According to paranormal experts, ghosts are often spotted as they go through the motions of their former lives: cooking, walking down the steps and peering out windows.
This distresses me. If I come back as a ghost, I’ll be forever hunched over a computer desk, my brow furrowed and my transparent fingers tapping over an invisible keyboard, desperate to make a deadline that’s centuries overdue. On the other hand, my snapshot of eternity may be an echoing cackle from LOLcats or some long-dead celebrity antics at TMZ. Either way, I shouldn’t feel alone, because I suspect the Internet age will spark a new generation of spectral thrills. Get your pencils out, aspiring ghost hunters, for these hauntings of the future:
Selfie Ghost: Manifesting mostly in bathrooms, these ghosts remain unseen unless you look directly into the mirror. You may think you’re prepared, but you’ll still scream every time you glance up and see the faint outline of cheeks sucked in and lips puckered in a ghostly duckface. Legend has it if you turn out the lights and whisper “Boo caught me sleepin’” three times, you’ll see a body slumped over except for a single outstretched hand holding a phone.
Facebook Ghost: These restless spirits manifest only one body part: the hand. Facebook ghosts are attracted to activities such as going through photo albums, reading inspirational quotes or dressing children and pets in cute costumes. If you indulge in these pastimes, you’ll see a flock of friendly, translucent hands giving the thumbs-up sign around you. However, if you’re prone to fiery rants about politics or religion, expect to be forcefully blocked from certain areas of the house.
Texting Ghost: The most oblivious spirit, a texting ghost may not even realize he’s haunting you because he’s so caught up in staring at a small box in his palm. Texting ghosts don’t interact, they just walk through walls, furniture, road signs, and even people. They don’t pay attention to where they’re going, which is likely how they became a ghost in the first place. Sometimes they will slump in a corner near an electrical outlet in hopes of charging their phones.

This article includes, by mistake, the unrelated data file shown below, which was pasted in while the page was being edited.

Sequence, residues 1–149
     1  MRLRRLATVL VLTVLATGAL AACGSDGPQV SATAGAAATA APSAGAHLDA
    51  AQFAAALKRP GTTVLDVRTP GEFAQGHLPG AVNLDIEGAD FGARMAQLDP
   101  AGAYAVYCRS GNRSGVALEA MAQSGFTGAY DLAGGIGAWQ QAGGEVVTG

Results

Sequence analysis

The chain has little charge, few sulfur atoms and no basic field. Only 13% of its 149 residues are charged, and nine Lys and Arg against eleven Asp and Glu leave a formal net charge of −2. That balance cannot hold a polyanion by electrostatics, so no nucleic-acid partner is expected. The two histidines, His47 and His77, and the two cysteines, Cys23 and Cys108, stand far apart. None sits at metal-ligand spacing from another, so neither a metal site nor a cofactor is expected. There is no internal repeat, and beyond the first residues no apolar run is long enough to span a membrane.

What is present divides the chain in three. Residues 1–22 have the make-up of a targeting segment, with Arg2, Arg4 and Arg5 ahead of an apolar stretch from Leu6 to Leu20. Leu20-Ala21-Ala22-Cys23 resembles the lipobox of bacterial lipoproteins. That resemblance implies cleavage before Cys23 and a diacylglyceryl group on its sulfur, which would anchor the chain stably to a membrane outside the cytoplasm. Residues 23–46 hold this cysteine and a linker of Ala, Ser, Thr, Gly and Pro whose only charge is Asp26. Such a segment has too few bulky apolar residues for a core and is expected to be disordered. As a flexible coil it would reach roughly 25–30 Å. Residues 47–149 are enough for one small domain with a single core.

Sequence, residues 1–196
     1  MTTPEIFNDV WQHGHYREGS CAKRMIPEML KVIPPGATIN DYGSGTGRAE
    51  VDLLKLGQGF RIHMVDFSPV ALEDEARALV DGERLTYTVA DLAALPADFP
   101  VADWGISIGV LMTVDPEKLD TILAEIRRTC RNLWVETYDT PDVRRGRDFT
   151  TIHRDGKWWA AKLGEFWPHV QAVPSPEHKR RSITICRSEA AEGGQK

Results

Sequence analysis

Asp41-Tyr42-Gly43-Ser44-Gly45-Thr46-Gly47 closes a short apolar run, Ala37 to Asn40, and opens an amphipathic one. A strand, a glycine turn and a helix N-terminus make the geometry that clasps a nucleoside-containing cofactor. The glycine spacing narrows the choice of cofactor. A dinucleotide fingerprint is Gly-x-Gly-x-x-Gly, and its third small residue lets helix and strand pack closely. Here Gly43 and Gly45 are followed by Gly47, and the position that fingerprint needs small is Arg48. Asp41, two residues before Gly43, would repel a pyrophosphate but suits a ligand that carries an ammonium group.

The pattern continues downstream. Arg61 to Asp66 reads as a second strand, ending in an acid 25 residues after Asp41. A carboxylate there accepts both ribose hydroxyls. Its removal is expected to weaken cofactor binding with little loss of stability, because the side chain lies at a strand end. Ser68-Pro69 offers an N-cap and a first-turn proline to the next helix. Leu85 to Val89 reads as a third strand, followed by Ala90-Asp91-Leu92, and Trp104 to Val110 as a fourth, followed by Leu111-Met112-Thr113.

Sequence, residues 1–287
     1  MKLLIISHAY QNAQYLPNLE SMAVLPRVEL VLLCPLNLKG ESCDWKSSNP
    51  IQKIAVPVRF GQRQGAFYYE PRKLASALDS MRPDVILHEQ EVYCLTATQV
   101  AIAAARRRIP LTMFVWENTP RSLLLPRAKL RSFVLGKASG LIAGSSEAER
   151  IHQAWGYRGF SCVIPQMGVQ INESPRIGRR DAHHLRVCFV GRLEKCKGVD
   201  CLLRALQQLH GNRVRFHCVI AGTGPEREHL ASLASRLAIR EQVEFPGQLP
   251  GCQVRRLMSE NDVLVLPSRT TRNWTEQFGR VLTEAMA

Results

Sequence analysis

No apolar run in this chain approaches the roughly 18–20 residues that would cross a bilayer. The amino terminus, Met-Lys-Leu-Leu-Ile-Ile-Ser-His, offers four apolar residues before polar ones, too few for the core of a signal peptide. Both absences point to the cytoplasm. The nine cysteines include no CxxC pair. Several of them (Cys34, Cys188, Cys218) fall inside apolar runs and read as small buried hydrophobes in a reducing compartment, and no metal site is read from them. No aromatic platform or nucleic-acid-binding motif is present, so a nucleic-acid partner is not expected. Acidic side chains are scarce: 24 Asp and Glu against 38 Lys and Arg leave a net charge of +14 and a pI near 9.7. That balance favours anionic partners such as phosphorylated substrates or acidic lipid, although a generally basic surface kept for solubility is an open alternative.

Instagram Ghost: You’ll never see these apparitions in bodily form, although they’re drawn to kitchens, dining rooms, restaurants and dressing rooms. If you cook a meal you’re particularly proud of or find the perfect pair of shoes, these ghosts will show up. The haunting begins when the atmosphere around you becomes fuzzy and faded, a flurry of bright lights flash around your head, and you hear the snapping of tiny lenses.
Buffering Ghost: A form of poltergeist, the Buffering Ghost doesn’t fling chairs or drag you from your bed. Instead, this ghost keeps you from doing anything at all by pinning you down with an eternally spinning circle. You can wait out a Buffering Ghost and see if the spiritual bandwidth speeds up, but if you spend too much time at the mercy of these rotating spirits, seek out an I.T.-certified exorcist.
Spoiler Ghost: There are two types of spoiler phantoms, and it’s difficult to live with either one. The first type emits an ear-piercing wail while running through the house with ghostly fingers plugged into their ears, especially if you’ve been discussing a book, play, TV show or movie you’ve just experienced. The other ruins every new book or TV show you start by writing the ending across the bathroom mirror whenever it’s fogged up, so don’t freak out if you step out of the shower and see “Everybody dies” across your reflection.
Twitter Ghost: These ghosts are short and to the point; instead of moaning and rattling chains, they’ll leave a hashtagged “Boo” in the magnetic letters on your fridge. Twitter ghosts pile up in one corner, and then follow you from room to room. They are the only ghosts who enjoy being hunted, and love it when you follow them back. Be careful if you do, though, because that will attract more of them. Any house with a high amount of paranormal activity likely has both Twitter ghosts and Spoiler ghosts chasing each other in the attic.
— Beth Bartlett
Beth Bartlett, a freelance writer by day, a humorist by night and a caffeinated procrastinator by mid-afternoon, won second place in the 2013 National Society of Newspaper Columnists’ competition (under 50,000 circulation) for her irreverent “Wisecrack Zodiac” column. She blogs at www.plaidearthworm.com.